The American Association of Clinical Endocrinologists (AACE) released an online version of the organization’s new Consensus Statement and Algorithm on the treatment of Type 2 diabetes mellitus (T2DM).1
The statement, which is designed to replace the 2009 AACE/American College of Endocrinology (ACE)’s glycemic control algorithm,2 expands the focus from management of blood glucose and glycemic control to encompass treatment of obesity, cardiovascular disease, and prediabetes as underlying risk factors for diabetes and associated complications.
The new consensus statement emphasizes broad-based strategies for risk and complication reduction, including management of diabetes and coexisting diseases during prediabetes and T1DM; management of hyperglycemia, taking into account age and comorbidities; a complications-centric model of care of overweight or obese patients that incorporates several factors beyond body mass index (BMI); and management of cardiovascular disease (CVD) risk factors (ie, hypertension and hyperlipidemia) in patients with prediabetes or T1DM.
Basic Principles of Diabetes Management
Lifestyle optimization, which the authors describe as a “multifaceted and ongoing approach, which can be introduced concurrently and adjunctively with pharmacotherapy.”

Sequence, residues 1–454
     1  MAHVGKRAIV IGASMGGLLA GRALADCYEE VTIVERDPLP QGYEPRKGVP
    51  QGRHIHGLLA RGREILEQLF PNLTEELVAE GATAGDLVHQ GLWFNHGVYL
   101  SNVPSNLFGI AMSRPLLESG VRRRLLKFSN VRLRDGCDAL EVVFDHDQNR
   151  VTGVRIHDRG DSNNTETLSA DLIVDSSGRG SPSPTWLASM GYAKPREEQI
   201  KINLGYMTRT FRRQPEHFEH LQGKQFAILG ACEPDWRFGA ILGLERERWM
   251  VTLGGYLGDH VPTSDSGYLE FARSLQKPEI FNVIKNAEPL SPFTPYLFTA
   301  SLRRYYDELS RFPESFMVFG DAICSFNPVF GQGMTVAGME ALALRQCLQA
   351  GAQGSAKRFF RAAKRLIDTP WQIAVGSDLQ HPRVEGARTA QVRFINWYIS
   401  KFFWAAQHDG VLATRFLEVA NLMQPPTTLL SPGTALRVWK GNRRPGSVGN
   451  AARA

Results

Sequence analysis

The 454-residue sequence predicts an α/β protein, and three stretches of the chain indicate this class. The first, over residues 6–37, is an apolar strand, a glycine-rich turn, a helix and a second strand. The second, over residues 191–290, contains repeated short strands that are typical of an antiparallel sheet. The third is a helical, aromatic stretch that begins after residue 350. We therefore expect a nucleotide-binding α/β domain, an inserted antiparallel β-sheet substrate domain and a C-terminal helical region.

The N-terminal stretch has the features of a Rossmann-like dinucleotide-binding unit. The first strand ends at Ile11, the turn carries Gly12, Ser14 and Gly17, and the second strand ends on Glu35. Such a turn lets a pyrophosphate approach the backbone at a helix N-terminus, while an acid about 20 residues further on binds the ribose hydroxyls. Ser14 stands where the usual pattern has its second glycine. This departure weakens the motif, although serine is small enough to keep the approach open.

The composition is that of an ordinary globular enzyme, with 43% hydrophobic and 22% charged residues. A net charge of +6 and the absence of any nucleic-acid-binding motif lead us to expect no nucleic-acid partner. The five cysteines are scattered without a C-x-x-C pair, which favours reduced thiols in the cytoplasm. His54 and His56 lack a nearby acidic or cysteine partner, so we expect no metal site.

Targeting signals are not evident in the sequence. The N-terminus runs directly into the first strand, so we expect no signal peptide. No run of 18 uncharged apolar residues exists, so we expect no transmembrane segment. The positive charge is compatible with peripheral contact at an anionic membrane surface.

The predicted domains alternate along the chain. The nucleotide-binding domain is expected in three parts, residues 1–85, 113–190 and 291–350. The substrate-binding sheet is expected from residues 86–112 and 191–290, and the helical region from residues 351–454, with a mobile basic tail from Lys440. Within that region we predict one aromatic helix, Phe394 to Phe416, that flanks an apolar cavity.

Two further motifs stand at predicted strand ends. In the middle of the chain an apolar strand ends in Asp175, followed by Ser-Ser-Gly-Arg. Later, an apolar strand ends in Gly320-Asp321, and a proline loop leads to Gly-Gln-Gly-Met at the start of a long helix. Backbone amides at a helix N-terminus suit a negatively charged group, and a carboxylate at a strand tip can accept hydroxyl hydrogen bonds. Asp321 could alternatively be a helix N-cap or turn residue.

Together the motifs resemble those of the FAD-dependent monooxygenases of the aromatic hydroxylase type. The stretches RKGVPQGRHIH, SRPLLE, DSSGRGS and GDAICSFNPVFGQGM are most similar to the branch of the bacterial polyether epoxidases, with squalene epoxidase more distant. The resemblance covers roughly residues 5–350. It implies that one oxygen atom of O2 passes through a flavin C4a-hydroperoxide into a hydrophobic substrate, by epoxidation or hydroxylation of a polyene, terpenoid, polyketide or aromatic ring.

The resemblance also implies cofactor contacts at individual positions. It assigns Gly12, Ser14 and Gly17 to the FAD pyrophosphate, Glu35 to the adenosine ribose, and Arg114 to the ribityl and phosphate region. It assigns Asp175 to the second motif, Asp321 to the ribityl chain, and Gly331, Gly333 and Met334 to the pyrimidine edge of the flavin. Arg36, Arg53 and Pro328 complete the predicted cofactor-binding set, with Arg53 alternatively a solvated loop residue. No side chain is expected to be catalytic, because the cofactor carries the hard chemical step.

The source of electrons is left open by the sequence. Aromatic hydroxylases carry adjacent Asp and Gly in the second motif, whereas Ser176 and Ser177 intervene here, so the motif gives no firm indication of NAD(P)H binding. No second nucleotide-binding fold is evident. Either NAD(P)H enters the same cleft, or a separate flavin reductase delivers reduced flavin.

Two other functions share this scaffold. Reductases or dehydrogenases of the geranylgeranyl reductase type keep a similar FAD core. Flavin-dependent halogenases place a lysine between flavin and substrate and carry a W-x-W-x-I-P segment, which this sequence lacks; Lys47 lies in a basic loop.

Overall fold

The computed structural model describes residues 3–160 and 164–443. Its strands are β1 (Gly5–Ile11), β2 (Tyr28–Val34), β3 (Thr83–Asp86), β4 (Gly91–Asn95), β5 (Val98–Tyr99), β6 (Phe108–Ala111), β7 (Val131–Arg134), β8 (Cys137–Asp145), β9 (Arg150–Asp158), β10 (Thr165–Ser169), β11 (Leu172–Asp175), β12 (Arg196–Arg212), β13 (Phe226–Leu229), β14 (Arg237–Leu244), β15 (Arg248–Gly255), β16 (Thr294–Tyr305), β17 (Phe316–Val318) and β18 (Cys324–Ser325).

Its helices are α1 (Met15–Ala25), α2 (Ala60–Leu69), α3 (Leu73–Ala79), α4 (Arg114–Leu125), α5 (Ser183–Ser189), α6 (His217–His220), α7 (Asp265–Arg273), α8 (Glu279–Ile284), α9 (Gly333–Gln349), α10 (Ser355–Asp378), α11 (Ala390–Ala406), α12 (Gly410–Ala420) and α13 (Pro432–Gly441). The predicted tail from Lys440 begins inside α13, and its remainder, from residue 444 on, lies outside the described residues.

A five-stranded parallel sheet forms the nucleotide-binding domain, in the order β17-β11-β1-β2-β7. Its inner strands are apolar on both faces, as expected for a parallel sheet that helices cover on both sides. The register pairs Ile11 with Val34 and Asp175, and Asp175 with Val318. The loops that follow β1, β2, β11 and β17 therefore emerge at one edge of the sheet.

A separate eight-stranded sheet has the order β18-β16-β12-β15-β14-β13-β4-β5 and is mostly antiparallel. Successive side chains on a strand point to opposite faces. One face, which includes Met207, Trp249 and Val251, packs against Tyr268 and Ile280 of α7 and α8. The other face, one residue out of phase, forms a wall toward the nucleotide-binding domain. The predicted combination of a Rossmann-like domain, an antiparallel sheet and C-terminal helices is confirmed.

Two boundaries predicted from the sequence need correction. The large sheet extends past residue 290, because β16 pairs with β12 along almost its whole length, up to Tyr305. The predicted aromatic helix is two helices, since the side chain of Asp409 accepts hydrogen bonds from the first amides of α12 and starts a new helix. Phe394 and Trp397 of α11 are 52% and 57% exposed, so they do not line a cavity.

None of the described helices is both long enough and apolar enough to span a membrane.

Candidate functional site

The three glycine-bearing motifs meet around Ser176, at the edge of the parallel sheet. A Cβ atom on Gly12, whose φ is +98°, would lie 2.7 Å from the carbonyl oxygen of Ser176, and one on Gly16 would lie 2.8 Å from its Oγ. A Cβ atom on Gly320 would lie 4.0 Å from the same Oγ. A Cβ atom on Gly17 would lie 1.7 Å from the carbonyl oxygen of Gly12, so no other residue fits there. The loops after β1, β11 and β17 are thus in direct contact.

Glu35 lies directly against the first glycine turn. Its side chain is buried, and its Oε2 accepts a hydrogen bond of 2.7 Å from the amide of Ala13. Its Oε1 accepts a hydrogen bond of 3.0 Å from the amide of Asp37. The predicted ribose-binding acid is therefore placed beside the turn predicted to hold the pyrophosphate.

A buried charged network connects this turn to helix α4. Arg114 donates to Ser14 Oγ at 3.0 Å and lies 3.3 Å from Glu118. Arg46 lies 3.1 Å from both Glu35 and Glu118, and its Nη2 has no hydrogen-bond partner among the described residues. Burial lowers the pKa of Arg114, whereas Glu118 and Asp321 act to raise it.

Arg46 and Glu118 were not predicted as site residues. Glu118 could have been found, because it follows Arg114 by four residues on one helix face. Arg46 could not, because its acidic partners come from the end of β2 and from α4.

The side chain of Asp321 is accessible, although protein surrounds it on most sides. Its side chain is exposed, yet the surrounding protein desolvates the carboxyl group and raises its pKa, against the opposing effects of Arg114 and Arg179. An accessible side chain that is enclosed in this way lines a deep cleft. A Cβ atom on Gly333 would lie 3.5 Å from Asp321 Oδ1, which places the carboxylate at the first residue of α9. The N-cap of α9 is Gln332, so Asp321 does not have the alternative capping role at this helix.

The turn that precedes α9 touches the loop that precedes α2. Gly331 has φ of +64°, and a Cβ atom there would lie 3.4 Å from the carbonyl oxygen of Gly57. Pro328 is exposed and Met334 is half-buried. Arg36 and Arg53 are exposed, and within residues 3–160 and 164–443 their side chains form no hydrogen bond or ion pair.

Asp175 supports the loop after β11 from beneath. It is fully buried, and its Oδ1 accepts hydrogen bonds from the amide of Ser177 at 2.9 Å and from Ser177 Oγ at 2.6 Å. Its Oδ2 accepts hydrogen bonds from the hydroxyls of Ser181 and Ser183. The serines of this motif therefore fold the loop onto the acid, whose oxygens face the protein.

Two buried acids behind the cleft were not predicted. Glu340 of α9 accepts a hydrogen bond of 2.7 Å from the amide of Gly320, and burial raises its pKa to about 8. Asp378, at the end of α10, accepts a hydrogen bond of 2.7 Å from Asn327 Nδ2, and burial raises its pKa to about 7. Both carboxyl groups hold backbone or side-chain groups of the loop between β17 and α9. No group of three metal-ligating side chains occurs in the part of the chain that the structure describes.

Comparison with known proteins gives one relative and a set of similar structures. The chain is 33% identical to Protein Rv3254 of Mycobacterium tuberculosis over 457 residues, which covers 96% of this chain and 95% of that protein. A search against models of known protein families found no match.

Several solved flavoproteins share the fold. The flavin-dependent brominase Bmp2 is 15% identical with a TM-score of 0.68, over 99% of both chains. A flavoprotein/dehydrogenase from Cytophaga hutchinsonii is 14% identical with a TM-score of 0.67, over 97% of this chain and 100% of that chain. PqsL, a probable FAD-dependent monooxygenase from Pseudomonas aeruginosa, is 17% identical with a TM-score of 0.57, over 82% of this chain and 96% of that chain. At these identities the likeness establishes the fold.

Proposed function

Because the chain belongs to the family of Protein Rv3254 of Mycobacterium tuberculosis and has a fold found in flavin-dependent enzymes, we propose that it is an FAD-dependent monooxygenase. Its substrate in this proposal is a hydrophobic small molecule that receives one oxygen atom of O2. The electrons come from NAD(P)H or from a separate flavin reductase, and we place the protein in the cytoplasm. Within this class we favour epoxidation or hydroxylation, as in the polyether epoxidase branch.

Optimal hemoglobin A1C Target, which is based on factors such as age, comorbid conditions, duration of diabetes, risk of hypoglycemia, patient motivation, adherence, and life expectancy.
Glycemic Control Targets, which include fasting and post-prandial glucose, as determined by self-monitoring of blood glucose (SMBG).
Diabetes therapies that are stratified and based on initial A1C levels. Therapies must be individualized and based on a interface between the attributes specific to patients, and the medications themselves—ie, hypoglycemia risk (which is described as a “priority”), risk of weight gain (also a “priority”), ease of use, cost, and safety impact for heart, kidney, or liver disease. Ideally, therapies with complementary mechanisms of action should be prescribed in combination.
Frequent evaluation of therapeutic effectiveness should take place regularly until stability has been achieved, using multiple criteria, including A1C, SMBG records, (fasting and postprandial), documented and suspected hypoglycemic events, adverse events (weight gain, fluid retention, and hepatic, renal, or cardiac disease), comorbidities, other relevant laboratory data, concomitant drug administration, diabetic complications, and psychosocial factors affecting patient care.
Cost considerations are important, but safety and efficacy should be prioritized over cost of initial acquisition of medications, and consideration should be given to monitoring requirement, hypoglycemia risk, and weight gain.
Rapid-acting insulin analogs are superior to regular insulin because they are more predictable.